The election cost the Tories their crucial competitive advantage: a reputation for competence

This article first appeared in the Telegraph.


In January 1993, the Conservative Party’s average poll rating was 
39 per cent. Twelve months later it had fallen to 31 per cent, and there it stayed, or thereabouts, for more than a decade. Throughout that time, and until after their third consecutive general election defeat, the Tories suffered from a fatal combination of flaws. People did not think the party was on their side or in touch with life as they lived it, and neither did they think it was up to the job of running the country.

It would be a bit much to say the Tories are in the same predicament today. When, in 2005, I published Smell The Coffee – an analysis of public opinion in which I set out the scale of the challenge they faced – the party had won less than a third of the vote, and just 198 seats. But after the disappointment of the 2017 election, the Tories need to take stock of their relationship with the voters – it’s time to smell the coffee all over again.

By 2015, when the Conservatives at last won a majority of their own after 10 years under David Cameron, the voter misgivings that had held the party back for so long had not gone away. I found that the Tory victory was down to three things: enough people thought the government was doing a reasonable job, especially on taking the tough decisions needed to sort out the economy; liked the way Cameron was performing as Prime Minister; and doubted that Labour under Ed Miliband was ready for government. A party can rely for a time on its reputation for competence, leadership and the lack of a plausible alternative. But what if events conspired to call that competence into question? What if the leader were replaced by another who had different qualities? And 
what if the opposition were to get its act together?

The 2017 election put these questions to the test. My new book, The Lost Majority, aims to understand how this extraordinary outcome came to pass. Some of these reasons have already received wide comment: people do not like unnecessary elections, especially when they seem to be happening for party advantage; the manifesto had little to appeal to wavering potential Tories, but plenty to put them off; and Theresa May did not shine on the campaign trail – while Jeremy Corbyn managed to transform himself from a “shambolic joke”, as one of our focus-group participants put it, into an appealing and, for some, inspirational figure.

The Tories also overestimated the extent to which Brexit would play to their advantage. My research found that relatively few thought both that the EU negotiations were the most important issue facing the country (let alone themselves and their families), and that the Conservatives were the best party to handle them. Many previous Labour supporters who voted Leave were reluctant to switch parties: Corbyn spoke to the feeling of being overlooked, which had been a big part of their referendum decision, and many still felt that the Tories were not for people like them. Meanwhile, our analysis found that Brexit was the most important motivation for 2015 Tories, especially younger ones, who moved away from the party in June.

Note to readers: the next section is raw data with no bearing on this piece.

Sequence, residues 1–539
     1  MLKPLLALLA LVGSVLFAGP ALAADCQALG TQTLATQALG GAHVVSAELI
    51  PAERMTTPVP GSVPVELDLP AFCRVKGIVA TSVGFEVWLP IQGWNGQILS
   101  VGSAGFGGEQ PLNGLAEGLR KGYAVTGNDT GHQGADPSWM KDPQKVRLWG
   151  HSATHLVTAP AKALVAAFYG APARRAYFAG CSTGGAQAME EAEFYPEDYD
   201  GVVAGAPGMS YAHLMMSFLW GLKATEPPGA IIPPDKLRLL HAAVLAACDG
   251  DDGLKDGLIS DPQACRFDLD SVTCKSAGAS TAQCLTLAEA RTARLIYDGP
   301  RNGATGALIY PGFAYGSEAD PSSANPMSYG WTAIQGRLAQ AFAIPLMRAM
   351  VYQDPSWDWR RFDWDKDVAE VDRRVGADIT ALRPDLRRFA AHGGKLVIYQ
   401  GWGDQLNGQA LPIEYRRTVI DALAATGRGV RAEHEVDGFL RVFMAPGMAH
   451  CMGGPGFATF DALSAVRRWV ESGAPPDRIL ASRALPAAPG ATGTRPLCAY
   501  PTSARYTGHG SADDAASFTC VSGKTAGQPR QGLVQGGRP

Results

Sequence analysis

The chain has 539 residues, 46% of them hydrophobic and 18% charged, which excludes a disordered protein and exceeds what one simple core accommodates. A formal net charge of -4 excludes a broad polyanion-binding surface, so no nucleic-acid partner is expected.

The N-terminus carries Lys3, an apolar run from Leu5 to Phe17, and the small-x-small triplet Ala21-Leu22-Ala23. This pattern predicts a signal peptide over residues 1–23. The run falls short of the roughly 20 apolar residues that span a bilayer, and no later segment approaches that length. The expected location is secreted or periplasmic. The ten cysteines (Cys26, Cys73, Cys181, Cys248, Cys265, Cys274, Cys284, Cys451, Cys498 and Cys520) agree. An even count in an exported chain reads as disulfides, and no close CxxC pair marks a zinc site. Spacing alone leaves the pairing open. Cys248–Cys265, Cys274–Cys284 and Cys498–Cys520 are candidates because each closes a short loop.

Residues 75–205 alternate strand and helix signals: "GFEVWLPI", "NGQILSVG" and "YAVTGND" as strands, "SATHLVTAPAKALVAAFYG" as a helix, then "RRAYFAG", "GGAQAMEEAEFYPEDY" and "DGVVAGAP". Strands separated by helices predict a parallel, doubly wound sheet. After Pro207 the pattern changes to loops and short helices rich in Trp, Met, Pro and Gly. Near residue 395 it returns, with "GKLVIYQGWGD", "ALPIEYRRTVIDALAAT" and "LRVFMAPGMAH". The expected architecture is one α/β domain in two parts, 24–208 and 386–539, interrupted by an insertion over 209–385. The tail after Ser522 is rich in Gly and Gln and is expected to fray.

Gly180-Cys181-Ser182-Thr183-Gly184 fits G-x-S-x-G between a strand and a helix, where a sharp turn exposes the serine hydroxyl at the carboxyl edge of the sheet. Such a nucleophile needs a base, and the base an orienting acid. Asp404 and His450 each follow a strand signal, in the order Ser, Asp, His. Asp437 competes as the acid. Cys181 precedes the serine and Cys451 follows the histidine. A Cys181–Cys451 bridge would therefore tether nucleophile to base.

But looking at the causes of an election result gets you only so far. When it comes to the implications for the future, two themes emerge. The first is that while the Conservative voting coalition in 2017 was bigger than it was two years ago, it was also different: older, more working class, more modestly educated, more socially and culturally conservative, and more pro-Brexit. Those switching away from the party were younger, more likely to be professionals and graduates, and more likely to have voted Remain.

It is easy to see why this happened – but the Tories must be able to appeal beyond these dividing lines, especially if, as this year, 42 per cent of the vote is not enough for a majority 
in parliament.

The second, to complete our opening story, is about the Conservative brand. The Tories’ recent victories have rested on their claim to make a better fist of running the country than their opponents. But after the 2017 debacle, despite more than a decade of modernisation, voters find the Conservative Party no more sympathetic to their aspirations and anxieties than they did before but, crucially, no more competent than it is sympathetic. The campaign and the manifesto took their toll, as did the spectacle of a government aiming to increase its majority with a snap election only to lose the majority it already had – and the apparent confusion over the direction of Brexit policy will hardly have helped.

The fatal combination of flaws that dogged the party in opposition looms again. And if Labour seem no more capable than the Tories, they seem to many people to have just as much of a vision. The 2017 election cost the Conservatives not just their majority but their crucial competitive advantage. They need to get it back – and to give voters a more compelling reason to want them in government.

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